I tried contacting the authors - SolderLed - several times to propose them to include those changes but got no reply. So I guess contributions are not welcome, or they just leave the project as abandonware :-(. In that case I hope SolderLed won't mind if I share the changes here.

For those interested, here is the code I sent them as a proof-of-concept. It contains the original Glediator v2.0.3 + a patch that overrides 4 Glediator classes to recognize "pluggable" generators + two new sample Generators: the first is a dummy "Uniform" color generator which is similar to the "Black" generator but with any color, and the second one is a "Game of Life", just because... you know.

Here's a demo with those two :

Next step: The Glediator generator reflecting exactly the values received from the IR matrix as a greyscale value (ok, there is mirroring mistake which was fixed later on). As you can see, it worked pretty well first time, but note that this is the ideal case, without white cardboard separators and translucent acrylic. Keep an eye on the screen at the right:

Note how the different cells have different values when nothing is in front of the leds. This is partly due to component dispersion, but also to the imprécisions in my build regarding led orientation. If they emitter and receiver are more or less "in front" of each other, the quantity of received IR can greatly vary, hence the calibration phase. The difference is made even less visible once the separators, and more importantly the translucent acrilyc plate are in place, so we need to amplify that difference, and that is the goal of the calibration phase too.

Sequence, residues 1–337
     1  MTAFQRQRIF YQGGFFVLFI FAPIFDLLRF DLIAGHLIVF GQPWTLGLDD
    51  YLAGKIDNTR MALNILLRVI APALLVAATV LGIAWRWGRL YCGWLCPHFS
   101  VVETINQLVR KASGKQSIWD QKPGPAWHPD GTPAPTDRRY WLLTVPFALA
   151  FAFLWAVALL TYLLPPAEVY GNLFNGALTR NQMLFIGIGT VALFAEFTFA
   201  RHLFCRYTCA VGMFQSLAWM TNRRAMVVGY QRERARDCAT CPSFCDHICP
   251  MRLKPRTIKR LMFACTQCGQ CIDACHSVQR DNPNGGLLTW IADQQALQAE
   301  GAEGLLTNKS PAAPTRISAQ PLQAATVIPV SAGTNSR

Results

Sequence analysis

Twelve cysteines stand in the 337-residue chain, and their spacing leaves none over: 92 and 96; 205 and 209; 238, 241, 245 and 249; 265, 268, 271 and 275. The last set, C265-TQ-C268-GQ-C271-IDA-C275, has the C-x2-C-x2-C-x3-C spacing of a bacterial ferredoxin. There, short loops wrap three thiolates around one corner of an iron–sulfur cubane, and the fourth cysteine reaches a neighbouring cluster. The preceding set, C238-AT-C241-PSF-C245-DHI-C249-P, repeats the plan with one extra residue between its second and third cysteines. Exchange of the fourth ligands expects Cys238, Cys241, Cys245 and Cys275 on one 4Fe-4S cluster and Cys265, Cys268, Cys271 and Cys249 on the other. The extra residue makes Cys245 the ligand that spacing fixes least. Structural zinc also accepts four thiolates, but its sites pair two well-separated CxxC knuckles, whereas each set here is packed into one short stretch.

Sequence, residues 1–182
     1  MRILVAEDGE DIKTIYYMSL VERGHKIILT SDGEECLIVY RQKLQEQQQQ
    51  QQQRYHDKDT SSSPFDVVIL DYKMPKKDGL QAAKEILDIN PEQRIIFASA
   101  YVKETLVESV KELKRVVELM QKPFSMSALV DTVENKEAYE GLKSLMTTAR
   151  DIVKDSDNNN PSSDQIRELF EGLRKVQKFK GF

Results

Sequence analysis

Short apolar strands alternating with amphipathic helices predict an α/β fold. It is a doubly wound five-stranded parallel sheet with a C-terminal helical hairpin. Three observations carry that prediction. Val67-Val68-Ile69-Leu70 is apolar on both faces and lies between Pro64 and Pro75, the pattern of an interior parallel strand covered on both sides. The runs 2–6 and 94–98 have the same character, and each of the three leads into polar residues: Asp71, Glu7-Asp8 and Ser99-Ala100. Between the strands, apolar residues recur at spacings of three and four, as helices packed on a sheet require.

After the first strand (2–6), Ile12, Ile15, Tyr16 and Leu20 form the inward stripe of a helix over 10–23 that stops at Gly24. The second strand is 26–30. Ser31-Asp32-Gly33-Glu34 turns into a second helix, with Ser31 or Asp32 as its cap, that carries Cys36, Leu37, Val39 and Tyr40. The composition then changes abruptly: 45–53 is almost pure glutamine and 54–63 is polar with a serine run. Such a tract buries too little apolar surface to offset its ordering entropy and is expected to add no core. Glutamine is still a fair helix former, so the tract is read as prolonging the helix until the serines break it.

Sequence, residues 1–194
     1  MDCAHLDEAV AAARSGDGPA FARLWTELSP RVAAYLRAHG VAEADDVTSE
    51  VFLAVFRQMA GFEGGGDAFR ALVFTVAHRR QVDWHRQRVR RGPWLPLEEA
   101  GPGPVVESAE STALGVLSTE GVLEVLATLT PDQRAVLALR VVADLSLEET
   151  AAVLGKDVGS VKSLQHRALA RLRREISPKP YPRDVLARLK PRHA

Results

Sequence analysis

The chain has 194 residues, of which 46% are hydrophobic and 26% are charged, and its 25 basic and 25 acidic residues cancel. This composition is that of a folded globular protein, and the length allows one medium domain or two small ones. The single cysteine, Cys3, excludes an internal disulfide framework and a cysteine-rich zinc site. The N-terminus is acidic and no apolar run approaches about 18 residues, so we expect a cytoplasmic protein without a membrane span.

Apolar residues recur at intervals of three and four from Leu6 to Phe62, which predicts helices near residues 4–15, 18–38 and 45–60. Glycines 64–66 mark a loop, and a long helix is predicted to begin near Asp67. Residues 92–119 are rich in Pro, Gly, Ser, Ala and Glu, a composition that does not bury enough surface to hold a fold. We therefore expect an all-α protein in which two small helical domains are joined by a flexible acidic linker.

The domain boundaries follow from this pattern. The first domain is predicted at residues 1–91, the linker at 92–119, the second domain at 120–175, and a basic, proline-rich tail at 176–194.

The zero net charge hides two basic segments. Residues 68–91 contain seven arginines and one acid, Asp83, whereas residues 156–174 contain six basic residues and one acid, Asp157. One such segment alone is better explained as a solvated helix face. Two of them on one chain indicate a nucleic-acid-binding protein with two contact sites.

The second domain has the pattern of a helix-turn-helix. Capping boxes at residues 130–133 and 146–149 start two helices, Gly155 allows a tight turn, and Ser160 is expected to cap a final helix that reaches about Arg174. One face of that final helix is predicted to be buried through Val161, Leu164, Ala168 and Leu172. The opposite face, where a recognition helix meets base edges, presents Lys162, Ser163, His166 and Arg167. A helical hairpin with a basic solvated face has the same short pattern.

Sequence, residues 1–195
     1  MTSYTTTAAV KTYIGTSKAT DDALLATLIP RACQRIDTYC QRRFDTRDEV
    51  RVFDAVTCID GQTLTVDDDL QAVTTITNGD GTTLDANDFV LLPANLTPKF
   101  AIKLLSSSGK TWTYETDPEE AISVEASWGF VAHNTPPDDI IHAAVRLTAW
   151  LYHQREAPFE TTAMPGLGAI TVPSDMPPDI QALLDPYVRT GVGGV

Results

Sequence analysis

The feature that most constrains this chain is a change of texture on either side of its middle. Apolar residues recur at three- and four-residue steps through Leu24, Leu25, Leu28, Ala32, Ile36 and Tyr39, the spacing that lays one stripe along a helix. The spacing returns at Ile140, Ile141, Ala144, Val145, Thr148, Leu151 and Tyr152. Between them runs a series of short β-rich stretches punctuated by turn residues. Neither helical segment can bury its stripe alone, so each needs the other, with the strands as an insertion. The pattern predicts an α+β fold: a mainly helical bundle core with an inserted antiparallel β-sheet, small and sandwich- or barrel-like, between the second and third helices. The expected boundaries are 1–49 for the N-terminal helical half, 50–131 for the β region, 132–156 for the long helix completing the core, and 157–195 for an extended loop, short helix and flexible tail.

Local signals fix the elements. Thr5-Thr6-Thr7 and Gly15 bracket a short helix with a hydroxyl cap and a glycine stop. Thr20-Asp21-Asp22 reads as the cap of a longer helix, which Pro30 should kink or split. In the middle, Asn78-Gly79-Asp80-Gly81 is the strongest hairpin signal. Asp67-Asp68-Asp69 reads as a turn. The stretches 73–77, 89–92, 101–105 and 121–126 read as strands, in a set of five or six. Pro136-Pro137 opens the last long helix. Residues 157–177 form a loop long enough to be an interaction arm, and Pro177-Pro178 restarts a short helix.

That calibration is thus done by determining low and high thresholds for each cell, and performing a linear interpolation in between, as follows:

Calibration logic

So the generator is first put in calibration mode, where it records the extreme "high" and "low" values observed for each cell, and stores them in two arrays. When exiting calibration mode, all incoming values will be "scaled" according to those extreme values. To check how it behaves, I developed the following UI:

With this approach, results are much better, even with the full separators and top plate:

However, this greyscale version doesn't give good results when combined with other effects using a "multiply" operation, because calibration is made with white paper laying flat on the table, which produces much higher reflection than average skin waved at the surface, resulting in a very dim image. As a first measure, a "threshold percentage" was added to convert this greyscale to binary ("black or white") values. Of course, while this percentage is a general setting, the actual value of the threshold varies from cell to cell according to the calibration. For example, a 30% threshold would be computed as follows on two cells:

Calibration with threshold

This is now much better: